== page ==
Madrid’s Teatro Real was among the world’s first opera houses to reopen amid the coronavirus pandemic, presenting a socially distant staging of La Traviata earlier this summer. But as Spain faces a resurgence of infections, audiences have proven that it’s not yet time to relax restrictions.
The September 20 performance of Verdi’s Un Ballo in Maschera ended abruptly moments into its first act, following continued protests from audience members.
Due to concerns over a lack of socially distanced configurations in upper levels of the venue, patrons began clapping and shouting, causing a delay and, after two attempts from conductor Nicola Luisotti, an eventual halt to the entire performance.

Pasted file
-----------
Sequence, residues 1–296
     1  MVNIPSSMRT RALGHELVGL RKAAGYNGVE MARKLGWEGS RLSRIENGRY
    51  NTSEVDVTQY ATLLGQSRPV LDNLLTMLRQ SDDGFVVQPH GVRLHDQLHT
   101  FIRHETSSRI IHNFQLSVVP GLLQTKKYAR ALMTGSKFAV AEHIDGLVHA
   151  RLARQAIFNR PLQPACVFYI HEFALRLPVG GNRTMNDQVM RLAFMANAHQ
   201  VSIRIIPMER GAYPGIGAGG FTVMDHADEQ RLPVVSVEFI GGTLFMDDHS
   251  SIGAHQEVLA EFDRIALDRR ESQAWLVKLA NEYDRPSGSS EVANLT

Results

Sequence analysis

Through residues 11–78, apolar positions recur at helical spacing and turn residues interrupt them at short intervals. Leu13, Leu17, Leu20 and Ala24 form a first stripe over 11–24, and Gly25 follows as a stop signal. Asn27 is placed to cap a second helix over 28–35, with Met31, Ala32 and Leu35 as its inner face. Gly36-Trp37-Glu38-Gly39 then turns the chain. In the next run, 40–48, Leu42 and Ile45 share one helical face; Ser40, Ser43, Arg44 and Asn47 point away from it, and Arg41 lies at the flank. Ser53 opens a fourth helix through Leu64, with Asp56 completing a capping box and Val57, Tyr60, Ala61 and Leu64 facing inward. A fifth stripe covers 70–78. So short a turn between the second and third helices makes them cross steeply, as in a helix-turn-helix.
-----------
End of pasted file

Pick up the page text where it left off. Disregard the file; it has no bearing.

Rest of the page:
The theatre says that 905 seats (about 51.5 percent of the capacity) were occupied, putting it below the city’s guidelines of limiting audiences to 75 percent. In response to the protests, ticketholders were offered the possibility of returning tickets or relocating, with about 200 patrons taking up the latter offer. Teatro Real says it will implement this practice before the start of performances moving forward.
“The management of the Teatro Real will open an investigation to find out this unfortunate incident, and will take the necessary measures so that the successive functions develop normally,” the company said in a statement.